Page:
<figure class="gtxfimage alignleft"><img width="300" height="225" src="https://wpcdn.us-midwest-1.vip.tn-cloud.net/www.kvrr.com/content/uploads/2021/02/screenshot-2021-02-02-113718-300x225.png" class="wp-image-192640 attachment-medium size-medium wp-post-image" alt="" srcset="https://wpcdn.us-midwest-1.vip.tn-cloud.net/www.kvrr.com/content/uploads/2021/02/screenshot-2021-02-02-113718-300x225.png 300w, https://wpcdn.us-midwest-1.vip.tn-cloud.net/www.kvrr.com/content/uploads/2021/02/screenshot-2021-02-02-113718.png 332w" sizes="(max-width: 300px) 100vw, 300px"/></figure>FARGO (KVRR) – A non-profit group that works to oppose religious displays on public property says a new North Dakota law that allows the Ten Commandments in public schools is unconstitutional.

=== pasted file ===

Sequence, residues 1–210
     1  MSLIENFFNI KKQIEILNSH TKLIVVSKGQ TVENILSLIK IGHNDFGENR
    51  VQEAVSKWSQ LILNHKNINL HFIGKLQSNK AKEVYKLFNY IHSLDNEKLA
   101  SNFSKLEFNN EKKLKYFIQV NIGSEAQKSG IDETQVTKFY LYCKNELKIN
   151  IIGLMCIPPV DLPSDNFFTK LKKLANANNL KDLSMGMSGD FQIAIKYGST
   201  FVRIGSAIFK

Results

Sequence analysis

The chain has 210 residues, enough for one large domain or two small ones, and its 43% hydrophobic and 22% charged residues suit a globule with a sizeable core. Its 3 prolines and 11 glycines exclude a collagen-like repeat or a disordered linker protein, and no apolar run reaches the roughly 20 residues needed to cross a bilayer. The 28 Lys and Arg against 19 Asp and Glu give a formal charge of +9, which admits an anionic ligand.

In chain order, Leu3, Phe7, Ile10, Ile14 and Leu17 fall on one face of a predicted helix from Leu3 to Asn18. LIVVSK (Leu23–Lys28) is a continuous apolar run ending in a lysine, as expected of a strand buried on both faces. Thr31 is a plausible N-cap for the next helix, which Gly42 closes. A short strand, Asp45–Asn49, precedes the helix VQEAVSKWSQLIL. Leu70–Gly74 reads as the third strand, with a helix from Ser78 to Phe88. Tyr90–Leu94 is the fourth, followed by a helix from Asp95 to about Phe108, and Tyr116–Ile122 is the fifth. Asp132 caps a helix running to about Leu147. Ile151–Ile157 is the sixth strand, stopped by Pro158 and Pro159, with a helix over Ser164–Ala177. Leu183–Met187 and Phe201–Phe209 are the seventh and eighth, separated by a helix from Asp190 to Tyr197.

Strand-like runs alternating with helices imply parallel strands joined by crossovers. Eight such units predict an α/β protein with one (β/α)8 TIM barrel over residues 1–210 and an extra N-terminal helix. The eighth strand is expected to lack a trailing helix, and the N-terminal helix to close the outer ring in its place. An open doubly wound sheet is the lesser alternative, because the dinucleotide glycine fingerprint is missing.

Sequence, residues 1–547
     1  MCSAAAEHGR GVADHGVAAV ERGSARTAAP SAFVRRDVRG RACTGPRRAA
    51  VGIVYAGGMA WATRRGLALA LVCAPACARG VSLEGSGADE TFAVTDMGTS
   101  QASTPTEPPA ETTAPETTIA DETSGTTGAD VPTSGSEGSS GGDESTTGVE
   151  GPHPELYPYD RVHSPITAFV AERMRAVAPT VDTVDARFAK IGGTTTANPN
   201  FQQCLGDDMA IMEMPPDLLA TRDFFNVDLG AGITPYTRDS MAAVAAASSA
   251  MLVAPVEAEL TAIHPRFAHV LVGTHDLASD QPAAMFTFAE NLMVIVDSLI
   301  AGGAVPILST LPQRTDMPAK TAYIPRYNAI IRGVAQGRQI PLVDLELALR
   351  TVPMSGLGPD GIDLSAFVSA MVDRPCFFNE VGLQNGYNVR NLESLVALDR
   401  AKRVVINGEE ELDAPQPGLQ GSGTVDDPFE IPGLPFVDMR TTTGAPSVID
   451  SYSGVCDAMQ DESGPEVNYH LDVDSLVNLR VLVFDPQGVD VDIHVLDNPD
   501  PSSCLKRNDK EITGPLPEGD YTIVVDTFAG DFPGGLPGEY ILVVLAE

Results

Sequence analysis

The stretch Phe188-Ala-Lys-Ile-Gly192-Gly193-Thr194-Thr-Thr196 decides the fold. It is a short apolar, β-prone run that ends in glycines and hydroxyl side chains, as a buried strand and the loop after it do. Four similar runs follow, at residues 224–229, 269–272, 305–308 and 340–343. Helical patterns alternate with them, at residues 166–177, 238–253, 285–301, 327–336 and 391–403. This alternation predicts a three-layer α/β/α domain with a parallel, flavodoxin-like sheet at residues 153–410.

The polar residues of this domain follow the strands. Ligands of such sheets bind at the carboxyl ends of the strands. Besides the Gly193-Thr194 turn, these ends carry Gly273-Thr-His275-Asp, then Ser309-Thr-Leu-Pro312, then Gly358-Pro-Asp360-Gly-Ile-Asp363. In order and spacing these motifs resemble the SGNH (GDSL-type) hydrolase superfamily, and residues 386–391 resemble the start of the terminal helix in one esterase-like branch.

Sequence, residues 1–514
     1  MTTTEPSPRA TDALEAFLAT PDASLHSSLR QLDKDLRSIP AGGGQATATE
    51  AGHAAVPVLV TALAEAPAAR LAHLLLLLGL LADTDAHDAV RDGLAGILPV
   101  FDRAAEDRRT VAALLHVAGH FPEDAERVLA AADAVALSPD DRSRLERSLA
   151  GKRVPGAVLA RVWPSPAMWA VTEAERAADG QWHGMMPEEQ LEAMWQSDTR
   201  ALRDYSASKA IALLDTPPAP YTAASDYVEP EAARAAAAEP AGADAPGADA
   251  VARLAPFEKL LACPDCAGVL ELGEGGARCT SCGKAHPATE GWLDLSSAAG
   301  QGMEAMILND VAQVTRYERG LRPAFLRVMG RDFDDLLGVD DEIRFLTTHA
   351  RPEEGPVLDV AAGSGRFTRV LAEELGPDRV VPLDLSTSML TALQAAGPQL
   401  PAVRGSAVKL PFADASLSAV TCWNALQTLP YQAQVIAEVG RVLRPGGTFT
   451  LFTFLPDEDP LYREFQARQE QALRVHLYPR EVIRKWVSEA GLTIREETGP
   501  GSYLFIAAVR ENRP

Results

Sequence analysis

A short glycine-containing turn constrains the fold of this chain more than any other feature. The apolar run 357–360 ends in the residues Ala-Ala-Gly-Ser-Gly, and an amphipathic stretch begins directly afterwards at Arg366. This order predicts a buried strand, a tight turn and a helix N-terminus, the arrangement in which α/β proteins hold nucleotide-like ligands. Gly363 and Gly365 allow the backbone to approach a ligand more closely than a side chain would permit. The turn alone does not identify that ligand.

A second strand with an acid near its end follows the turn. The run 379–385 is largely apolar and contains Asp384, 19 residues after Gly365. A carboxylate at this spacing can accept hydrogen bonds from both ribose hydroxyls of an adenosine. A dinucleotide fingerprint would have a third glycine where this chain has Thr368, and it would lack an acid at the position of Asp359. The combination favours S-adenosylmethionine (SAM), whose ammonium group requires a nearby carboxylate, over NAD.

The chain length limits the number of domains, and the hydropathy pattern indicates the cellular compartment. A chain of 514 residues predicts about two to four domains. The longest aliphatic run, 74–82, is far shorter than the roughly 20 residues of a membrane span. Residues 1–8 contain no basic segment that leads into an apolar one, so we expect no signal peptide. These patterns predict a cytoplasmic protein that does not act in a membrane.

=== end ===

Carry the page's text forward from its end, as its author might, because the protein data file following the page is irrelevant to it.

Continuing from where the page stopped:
“The North Dakota law flouts the Constitution in an attempt to sneak religion and Christian nationalism into public schools,” according to the Freedom from Religion Foundation.
“Of course, FFRF will challenge any displays that go up in schools” the foundation said.
Burgum recently signed a bill designed to protect schools and teachers from lawsuits arising from posting the Ten Commandments in classrooms. Some attorneys and school officials also warned the legislation is unconstitutional and would spur costly and unwinnable legal fights.
Hoping to fend off legal challenges, the bill was amended with a requirement that the Ten Commandments be included in a display with other historical documents.
The FFRF says the U.S. Supreme Court has ruled that Ten Commandments displays in public schools violate the Establishment Clause.
“The North Dakota Legislature and governor have colluded in a cynical exercise,” according to FFRF Co-President Annie Laurie Gaylor. “All the last minute window-dressing doesn’t change the constitutionally sinful nature of the law.”